Frm. Prosecutor Weighs in on Jackson Case MJEOL Bullet #104 Former prosecutor Robert Tanenbaum appeared on Crier Live (March 12) to discuss the new information in the Jackson case. He calls what current district attorney Tom Sneddon has done, by convening a grand jury, backwards. He also says the prior inconsistent statements from the accusing family will have to be presented to those grand jurors in order to make a sound decision about whether to hand down an indictment against Jackson. He also correctly mentions that a grand jury indictment is proof of nothing other than being a means by which the prosecution can bring the case to trial (see transcript). When asked about the new revelations about this case Tanenbaum calls the alleged evidence suspect:
we need that thing called evidence. And that thing called evidence is somewhat suspect as it presently exists on the record right now. That is to say you have a year ago the people closest to the alleged victim saying exactly 180 degree different from what we are led to believe that the district attorney claims they say.
Under California law, the prosecutor is obligated to present such exculpatory evidence, like their prior statements to authorities, to the grand jury. Tanenbaum says
theyre gonna have to present to the grand jury all that exculpatory material which is very different, by the way, from what we were led to believe. And that exculpatory materialthose statements made by the parents and siblings and uh brothers [sic] of the victim are not just a conclusory report that was filed by perhaps some lazy bureaucrat. But these are statements of people who are claiming that theyre eye witnesses saying nothing happened that was wrong.
Tanenbaum tells Crier that the DA will have to use the grand jury as a gauge or focus group for his case. He also says that the prosecution will need some very strong evidence to explain why the accusing family flipped their stories once civil attorneys, like Larry Feldman, were brought in the picture:
And the DA better have some very independent corroboration to explain why these very same witnesses stated to the LA people [DCFS] something very contrary to what the case is all about now according to the DA in Santa Barbara.
Crier asked a question that many people would like to know the answer to. She asks if it was unusual to convene a grand jury after criminal charges have already been filed in a case. Tanenbaum replies:
Well its sorta backwards. You want, in the ordinary course we have a professional officeyou want to avoid the filing of criminal charges prematurely. And the way to do that where you have a complex case, where you have a high profile person you should proceed by way of investigation through the grand jury. Its the cleanest most professional efficient way to do it. You avoid all this extraneous publicity, the media attention and all the other people that wanna participate that drags it out endlessly and needlessly.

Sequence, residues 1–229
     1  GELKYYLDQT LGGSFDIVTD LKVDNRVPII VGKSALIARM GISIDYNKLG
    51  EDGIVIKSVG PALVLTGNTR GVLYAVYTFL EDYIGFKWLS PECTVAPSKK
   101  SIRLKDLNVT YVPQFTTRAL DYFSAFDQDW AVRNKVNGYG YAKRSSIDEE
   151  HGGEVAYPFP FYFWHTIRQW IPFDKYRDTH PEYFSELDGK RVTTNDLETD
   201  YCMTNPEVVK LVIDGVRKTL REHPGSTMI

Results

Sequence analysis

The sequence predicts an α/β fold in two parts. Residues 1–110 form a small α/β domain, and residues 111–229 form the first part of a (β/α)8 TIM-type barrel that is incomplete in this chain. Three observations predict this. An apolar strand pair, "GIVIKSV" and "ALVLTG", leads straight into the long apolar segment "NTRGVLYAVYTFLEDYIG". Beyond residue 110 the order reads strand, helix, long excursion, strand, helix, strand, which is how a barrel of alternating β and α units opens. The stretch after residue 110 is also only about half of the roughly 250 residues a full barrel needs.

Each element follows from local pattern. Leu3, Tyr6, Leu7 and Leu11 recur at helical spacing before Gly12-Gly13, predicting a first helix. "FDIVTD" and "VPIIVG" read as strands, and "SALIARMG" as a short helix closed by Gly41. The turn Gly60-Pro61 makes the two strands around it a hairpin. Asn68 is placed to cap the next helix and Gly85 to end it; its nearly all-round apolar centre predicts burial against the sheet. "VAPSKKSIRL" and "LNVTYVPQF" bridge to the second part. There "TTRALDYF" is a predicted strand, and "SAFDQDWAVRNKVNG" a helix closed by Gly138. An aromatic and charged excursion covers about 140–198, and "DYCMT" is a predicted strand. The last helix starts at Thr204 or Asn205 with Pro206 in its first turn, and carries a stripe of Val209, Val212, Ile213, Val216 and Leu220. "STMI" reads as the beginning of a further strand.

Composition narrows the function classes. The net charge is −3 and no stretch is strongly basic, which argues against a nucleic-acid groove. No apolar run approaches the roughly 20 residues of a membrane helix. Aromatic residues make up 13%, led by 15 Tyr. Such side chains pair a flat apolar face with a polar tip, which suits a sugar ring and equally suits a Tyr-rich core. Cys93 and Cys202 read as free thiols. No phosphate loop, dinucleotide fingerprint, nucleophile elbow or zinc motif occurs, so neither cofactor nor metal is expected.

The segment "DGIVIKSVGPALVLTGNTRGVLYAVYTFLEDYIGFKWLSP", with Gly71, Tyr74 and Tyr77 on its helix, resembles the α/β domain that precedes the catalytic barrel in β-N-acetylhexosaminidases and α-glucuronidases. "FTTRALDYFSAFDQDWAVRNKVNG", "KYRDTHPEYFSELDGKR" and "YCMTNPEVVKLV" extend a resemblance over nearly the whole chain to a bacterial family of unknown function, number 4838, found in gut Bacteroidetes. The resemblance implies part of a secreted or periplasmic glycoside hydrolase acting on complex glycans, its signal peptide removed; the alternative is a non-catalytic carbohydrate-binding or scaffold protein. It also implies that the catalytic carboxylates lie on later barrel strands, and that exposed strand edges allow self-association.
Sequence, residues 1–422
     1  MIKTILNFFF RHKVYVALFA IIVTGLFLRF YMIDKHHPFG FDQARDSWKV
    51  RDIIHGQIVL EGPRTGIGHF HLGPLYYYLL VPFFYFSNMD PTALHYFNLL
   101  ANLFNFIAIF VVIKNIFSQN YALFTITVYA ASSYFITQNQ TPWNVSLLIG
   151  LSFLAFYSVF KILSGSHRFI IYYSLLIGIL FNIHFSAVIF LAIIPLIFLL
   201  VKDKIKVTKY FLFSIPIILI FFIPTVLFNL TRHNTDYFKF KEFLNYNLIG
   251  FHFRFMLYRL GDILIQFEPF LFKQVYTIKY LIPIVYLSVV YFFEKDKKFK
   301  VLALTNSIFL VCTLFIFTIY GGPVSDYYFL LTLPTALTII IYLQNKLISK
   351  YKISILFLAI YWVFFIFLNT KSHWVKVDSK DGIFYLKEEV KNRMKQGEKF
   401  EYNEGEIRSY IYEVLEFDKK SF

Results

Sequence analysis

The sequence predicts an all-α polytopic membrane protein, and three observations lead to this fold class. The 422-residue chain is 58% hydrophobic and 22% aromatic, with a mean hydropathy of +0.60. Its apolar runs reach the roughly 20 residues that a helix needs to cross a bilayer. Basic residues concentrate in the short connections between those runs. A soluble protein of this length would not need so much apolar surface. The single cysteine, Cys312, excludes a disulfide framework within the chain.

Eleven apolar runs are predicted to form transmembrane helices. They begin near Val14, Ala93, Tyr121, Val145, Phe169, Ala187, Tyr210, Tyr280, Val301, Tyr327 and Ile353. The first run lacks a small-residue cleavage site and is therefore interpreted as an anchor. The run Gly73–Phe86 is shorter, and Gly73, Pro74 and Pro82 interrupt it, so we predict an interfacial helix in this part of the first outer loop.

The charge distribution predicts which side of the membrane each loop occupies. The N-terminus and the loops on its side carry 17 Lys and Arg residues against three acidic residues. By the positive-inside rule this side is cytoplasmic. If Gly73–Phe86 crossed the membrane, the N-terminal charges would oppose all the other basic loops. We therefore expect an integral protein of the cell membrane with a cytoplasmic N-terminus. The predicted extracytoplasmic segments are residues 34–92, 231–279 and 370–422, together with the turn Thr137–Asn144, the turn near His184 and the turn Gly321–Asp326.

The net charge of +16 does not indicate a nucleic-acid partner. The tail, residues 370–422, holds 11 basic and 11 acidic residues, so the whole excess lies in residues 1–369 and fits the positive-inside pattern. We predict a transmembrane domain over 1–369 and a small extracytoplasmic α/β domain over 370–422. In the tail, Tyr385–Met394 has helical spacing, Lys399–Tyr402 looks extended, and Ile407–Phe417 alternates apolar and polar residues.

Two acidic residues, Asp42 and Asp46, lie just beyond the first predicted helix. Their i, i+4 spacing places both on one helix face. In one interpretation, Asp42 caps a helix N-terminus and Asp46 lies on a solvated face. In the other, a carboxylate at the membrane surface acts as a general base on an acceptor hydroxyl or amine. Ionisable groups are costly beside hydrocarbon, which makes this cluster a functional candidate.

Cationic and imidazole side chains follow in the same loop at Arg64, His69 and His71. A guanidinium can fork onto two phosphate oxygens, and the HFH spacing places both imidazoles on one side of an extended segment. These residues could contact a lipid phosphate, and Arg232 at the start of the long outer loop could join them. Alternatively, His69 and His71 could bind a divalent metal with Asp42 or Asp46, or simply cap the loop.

Tanenbaum says that the prosecution should have convened a grand jury BEFORE even arresting Jackson to make sure that everything is on the up and up:
So what they should have done, clearly in Santa Barbara, isbefore they arrested Michael Jacksonis presented the evidence to the grand jury including the exculpatory evidence. That evidence that demonstrated that he was not guilty. And then come down, if in fact the grand jury voted for an indictment
Tanenbaum reminds the views that a grand jury involves no judge, no defense attorney and no defendant. It is solely the district attorney, a legal advisor to the grand jurors and the prosecution. He also says that grand jury is not proof of guilt:
an indictment is proof of nothing. Its simply an accusatory instrument. Its the means by which the prosecutor brings the defendant to trial.
Tanenbaum is certainly not the first legal professional to see something wrong with the way in which the prosecution has gone about executing this case. Gerald Uelman, a professor at Santa Clara Law University School of Law, says that it is
unheard of for a district attorney to file criminal charges and then convene a grand jury. If he uncovered some other crimes he wants to charge, he should just dismiss the pending charges and then go to trial on a grand jury indictment that includes the pending charges. (see Grand jury seen as unusual at this stage in Jackson case )
Loyola School of Law professor Laurie Levenson says:
It could mean he just wants to handle everything in secret and avoid a preliminary hearing, or it could mean he doesn’t have much of a case and doesn’t want to proceed, but is letting the grand jury take the political heat when they don’t indict The standard is so low for a grand jury that if you can’t convince them to indict, you have to think long and hard before you pursue the case. (see Grand jury seen as unusual at this stage in Jackson case )
Whatever the outcome, its quite clear that many things are usual, if not outright inexplicably stupid, in this case. Stay tuned. You can see video of Tanenbaum’s comments in the MJEOL Downloads section. -MJEOL